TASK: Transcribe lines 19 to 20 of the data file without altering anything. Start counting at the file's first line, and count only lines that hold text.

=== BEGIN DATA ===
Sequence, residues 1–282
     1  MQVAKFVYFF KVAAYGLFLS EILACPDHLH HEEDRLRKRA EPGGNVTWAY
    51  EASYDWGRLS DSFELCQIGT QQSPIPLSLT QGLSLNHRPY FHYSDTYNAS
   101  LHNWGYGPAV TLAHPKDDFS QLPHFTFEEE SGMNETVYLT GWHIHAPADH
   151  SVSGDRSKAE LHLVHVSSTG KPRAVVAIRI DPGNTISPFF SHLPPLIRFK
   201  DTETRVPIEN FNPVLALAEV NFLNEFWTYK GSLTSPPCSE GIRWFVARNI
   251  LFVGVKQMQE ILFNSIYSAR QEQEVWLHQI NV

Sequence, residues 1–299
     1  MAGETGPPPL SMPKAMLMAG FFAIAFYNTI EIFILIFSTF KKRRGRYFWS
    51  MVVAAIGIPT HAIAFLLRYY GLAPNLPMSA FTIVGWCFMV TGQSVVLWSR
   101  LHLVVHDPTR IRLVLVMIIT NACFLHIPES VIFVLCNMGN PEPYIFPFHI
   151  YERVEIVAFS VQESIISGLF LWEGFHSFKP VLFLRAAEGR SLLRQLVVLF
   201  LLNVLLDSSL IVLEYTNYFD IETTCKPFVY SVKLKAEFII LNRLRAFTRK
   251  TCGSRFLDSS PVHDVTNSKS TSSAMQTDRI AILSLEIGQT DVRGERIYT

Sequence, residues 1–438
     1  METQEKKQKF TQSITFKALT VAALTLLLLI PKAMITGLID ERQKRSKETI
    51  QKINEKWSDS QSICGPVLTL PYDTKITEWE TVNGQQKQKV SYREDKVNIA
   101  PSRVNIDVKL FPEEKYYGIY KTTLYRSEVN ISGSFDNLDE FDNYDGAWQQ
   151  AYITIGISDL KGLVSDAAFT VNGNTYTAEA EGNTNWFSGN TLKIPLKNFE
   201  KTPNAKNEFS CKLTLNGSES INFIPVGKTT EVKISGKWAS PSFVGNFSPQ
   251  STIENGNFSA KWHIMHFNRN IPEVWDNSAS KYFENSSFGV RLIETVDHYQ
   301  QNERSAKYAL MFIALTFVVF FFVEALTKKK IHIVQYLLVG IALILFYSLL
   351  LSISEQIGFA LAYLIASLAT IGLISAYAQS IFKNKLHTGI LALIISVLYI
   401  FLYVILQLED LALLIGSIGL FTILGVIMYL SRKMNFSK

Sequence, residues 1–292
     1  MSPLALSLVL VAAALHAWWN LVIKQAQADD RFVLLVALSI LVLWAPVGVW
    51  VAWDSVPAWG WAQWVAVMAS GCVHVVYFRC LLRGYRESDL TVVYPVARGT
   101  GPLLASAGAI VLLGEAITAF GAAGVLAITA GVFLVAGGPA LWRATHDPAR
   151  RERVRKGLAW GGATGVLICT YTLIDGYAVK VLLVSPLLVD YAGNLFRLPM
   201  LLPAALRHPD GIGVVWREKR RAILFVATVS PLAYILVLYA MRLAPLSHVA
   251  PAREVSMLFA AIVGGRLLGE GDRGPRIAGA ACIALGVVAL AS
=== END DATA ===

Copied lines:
   151  AYITIGISDL KGLVSDAAFT VNGNTYTAEA EGNTNWFSGN TLKIPLKNFE
   201  KTPNAKNEFS CKLTLNGSES INFIPVGKTT EVKISGKWAS PSFVGNFSPQ